Western Diamondback Rattlesnake
Federal and State Protections
Countries of Occurrence
United States of America
91.4cm (36in) - 213cm (84in)
States or Providence
Texas (US), Oklahoma (US), Arkansas (US), New Mexico (US), Arizona (US), Nevada (US), California (US), Baja California (MX), Sonora (MX), Chihuahua (MX), Coahuila (MX), Nuevo Leon (MX), Tamaulipas (MX), Sinaloa (MX), Durango (MX), Zacatecas (MX), San Luis Potosi (MX), Hidalgo (MX), Veracruz (MX), Guanajuato (MX), Queretaro (MX), Puebla (MX)
Disputed - Kansas (US)
Mohave (AZ), La Paz (AZ), Yuma (AZ), Maricopa (AZ), Pima (AZ), Santa Cruz (AZ), Cochise (AZ), Greenlee (AZ), Graham (AZ), Pinal (AZ), Gila (AZ), Yavapai (AZ)
This southwestern rattlesnake species can get very large, up to about 7 feet long, though generally they are much smaller. They are generalist predators as juveniles, while they grow into primarily mammal-specialist predators as adults. Western Diamondbacks are important predators for rabbits, gophers, and other medium-sized mammals. They are easily distinguished from many other rattlesnake species by their stark black-and-white tail before their rattle.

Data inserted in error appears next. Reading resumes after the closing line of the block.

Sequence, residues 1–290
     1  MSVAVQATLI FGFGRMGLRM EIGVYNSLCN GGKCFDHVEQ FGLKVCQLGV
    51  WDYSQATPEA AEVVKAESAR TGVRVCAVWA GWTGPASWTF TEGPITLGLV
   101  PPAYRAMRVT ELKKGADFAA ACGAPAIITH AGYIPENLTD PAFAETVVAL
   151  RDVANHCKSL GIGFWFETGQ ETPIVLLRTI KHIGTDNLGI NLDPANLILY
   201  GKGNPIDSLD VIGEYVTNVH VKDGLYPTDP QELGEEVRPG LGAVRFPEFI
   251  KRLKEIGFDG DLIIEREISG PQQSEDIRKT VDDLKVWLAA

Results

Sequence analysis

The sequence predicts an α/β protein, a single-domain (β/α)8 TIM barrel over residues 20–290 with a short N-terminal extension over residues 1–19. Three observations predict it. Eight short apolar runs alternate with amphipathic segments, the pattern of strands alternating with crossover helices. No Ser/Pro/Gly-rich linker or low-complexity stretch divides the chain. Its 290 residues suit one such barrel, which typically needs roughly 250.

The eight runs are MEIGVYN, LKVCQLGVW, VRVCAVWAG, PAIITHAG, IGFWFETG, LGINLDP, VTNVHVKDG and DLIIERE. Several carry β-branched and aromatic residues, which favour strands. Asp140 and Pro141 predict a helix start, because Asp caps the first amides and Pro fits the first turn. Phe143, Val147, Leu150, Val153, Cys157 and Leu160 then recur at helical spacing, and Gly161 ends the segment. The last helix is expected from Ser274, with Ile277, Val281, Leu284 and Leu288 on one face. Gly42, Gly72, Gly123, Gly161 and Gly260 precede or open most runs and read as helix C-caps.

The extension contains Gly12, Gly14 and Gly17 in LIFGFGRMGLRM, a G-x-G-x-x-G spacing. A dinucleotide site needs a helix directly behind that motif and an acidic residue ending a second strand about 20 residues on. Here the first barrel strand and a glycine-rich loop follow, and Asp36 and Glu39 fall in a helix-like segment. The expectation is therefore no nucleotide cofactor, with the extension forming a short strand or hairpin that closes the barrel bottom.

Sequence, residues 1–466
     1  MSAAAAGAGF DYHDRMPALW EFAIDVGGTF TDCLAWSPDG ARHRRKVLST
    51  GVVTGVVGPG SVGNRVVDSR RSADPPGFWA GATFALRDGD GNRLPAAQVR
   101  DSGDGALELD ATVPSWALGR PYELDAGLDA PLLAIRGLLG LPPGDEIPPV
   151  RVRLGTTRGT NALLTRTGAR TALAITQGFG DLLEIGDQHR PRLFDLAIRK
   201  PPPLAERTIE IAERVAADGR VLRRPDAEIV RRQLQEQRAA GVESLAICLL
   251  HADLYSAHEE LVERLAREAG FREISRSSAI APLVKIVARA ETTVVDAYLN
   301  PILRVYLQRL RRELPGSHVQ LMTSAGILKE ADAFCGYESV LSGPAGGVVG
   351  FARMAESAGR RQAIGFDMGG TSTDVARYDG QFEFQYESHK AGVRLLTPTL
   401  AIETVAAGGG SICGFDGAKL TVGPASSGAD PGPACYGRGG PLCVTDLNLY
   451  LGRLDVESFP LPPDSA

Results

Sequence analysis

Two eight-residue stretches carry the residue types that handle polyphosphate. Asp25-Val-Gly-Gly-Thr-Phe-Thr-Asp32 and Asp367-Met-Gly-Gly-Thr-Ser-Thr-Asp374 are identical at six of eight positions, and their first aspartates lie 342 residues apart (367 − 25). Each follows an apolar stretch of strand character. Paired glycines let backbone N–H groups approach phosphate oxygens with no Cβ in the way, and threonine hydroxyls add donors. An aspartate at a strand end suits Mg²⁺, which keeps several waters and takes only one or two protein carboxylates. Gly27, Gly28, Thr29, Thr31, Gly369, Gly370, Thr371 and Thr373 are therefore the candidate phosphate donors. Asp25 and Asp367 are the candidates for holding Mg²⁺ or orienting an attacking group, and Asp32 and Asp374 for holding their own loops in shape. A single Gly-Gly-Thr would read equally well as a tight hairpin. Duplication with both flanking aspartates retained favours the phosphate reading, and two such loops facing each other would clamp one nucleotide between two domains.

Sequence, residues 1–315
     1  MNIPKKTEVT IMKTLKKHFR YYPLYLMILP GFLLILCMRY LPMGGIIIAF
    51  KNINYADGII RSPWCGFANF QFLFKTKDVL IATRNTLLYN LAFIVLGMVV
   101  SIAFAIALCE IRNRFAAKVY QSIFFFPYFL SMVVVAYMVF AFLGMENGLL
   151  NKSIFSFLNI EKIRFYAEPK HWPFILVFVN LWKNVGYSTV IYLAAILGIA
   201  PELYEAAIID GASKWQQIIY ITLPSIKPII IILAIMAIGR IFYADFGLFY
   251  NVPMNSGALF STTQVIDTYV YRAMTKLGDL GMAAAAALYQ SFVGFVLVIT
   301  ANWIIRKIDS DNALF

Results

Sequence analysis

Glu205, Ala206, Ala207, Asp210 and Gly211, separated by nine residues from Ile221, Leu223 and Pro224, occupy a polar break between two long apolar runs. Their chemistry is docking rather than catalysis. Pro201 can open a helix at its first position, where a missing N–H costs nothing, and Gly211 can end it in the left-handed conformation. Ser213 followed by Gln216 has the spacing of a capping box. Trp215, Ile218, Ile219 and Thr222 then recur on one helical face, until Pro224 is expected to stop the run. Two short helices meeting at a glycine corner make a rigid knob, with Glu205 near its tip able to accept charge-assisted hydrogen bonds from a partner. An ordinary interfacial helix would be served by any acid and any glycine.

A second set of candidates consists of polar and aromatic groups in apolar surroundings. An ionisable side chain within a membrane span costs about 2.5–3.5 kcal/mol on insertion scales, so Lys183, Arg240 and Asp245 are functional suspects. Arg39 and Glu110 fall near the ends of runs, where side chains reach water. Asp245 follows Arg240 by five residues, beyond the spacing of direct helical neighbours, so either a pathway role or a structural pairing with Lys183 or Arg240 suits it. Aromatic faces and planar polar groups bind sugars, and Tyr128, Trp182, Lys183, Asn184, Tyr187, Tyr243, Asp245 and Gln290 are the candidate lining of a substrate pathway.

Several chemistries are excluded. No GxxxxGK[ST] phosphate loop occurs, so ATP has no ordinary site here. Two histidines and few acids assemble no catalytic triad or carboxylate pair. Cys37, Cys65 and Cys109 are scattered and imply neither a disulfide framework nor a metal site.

The western diamondback rattlesnake occupies a diverse range of habitats from sea level to 7000 feet elevation.
Western diamondbacks are still subject to intense human persecution (including "rattlesnake round-ups") where hundreds of individuals (including juveniles and gravid females) are killed.
The status of this species is disputed in the US state of Kansas, where individuals have been collected - both within and outside of suitable habitat. Some authorities these to be the result of human introductions, while others believe a native population is present in a small area near the Oklahoma border.